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Browse the 1966 Encyclopaedia of New Zealand
Graphic: An Encyclopaedia of New Zealand 1966.


This information was published in 1966 in An Encyclopaedia of New Zealand, edited by A. H. McLintock. It has not been corrected and will not be updated.

Up-to-date information can be found elsewhere in Te Ara.



Vegetation and Farming

Podocarp forest covered most of the peninsula at the time of settlement, apart from the drier northern hills (now known as the Port Hills) surrounding Lyttelton Harbour where there was extensive open-tussock grassland. The bush was dense in the valleys and lower slopes, but gave way to scrub formations and patches of bush on or near the summits. Valuable timber trees, such as black and white pine and totara, were abundant in many places and sawmilling occupied many of the early settlers. The peak year for timber production was probably 1870; by that time 75 per cent of the forest had been cut over or cleared. By 1900 almost the whole forest cover of 140,000 acres had been removed and only a few scattered patches, in total less than 150 acres, now remain.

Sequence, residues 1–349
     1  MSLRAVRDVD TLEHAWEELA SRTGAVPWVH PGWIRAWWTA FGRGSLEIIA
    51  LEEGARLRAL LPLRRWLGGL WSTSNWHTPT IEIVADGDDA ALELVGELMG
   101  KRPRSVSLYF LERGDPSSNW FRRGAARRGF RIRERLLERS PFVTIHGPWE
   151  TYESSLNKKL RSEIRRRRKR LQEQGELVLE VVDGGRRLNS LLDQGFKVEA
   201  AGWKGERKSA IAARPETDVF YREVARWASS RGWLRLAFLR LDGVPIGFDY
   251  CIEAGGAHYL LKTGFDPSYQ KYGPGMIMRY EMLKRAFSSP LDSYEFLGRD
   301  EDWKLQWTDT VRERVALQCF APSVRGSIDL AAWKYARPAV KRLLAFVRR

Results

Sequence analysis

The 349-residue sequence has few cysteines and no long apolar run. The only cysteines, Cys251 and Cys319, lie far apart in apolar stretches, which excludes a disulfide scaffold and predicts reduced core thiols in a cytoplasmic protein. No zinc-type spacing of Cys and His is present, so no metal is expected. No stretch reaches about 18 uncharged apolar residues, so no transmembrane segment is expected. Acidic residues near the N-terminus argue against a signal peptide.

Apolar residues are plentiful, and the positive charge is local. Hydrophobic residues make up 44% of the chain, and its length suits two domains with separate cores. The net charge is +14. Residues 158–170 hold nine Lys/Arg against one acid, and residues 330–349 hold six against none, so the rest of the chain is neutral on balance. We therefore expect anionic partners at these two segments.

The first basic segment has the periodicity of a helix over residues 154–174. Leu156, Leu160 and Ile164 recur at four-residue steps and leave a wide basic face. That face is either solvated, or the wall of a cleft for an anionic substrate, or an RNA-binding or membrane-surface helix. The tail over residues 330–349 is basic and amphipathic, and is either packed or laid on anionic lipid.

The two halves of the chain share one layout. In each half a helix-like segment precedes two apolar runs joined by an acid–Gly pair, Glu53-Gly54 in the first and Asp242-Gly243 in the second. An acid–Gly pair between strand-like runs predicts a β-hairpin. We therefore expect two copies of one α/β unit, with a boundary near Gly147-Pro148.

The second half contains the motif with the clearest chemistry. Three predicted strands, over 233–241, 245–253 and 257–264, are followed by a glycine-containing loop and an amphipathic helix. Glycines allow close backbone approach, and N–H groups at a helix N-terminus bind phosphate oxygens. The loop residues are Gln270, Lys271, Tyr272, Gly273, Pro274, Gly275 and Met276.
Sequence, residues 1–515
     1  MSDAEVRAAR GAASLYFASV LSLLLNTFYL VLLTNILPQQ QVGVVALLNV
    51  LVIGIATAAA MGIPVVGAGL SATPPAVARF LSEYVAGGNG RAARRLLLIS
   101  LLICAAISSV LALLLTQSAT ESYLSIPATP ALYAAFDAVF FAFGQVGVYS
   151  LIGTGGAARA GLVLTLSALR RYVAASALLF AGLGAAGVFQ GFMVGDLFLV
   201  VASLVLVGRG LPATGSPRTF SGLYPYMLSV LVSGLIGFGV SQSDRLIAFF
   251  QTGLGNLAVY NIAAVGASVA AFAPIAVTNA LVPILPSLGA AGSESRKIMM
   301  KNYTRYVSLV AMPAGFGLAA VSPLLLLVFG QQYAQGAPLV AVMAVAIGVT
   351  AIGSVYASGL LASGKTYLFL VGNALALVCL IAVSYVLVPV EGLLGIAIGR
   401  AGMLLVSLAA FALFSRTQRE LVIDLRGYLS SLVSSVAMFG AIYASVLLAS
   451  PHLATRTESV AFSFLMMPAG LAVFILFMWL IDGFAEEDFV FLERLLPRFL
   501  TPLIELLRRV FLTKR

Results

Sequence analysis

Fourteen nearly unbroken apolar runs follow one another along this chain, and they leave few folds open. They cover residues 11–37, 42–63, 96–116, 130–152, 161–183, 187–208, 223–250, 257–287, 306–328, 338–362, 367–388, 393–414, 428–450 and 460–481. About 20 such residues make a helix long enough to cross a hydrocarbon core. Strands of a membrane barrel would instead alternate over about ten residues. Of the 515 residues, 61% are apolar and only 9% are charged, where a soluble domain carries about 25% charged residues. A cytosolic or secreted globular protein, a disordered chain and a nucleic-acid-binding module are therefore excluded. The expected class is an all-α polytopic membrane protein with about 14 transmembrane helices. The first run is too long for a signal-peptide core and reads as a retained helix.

With the removal of the bush, dairying was found most suitable in the valleys, and sheep grazing on the upland. Market gardening is carried on in the valleys overlooking Christchurch and there are orchards at Governors Bay. Banks Peninsula was for many years (until about 1950) noted for its grasses and, particularly, cocksfoot. At the present day grazing of sheep for fat and store lambs and wool is carried on in the uplands, and beef cattle are run in the gullies. Dairying has declined over the last 20 years and there are now only a few cheese factories on the peninsula.

Next Part: Population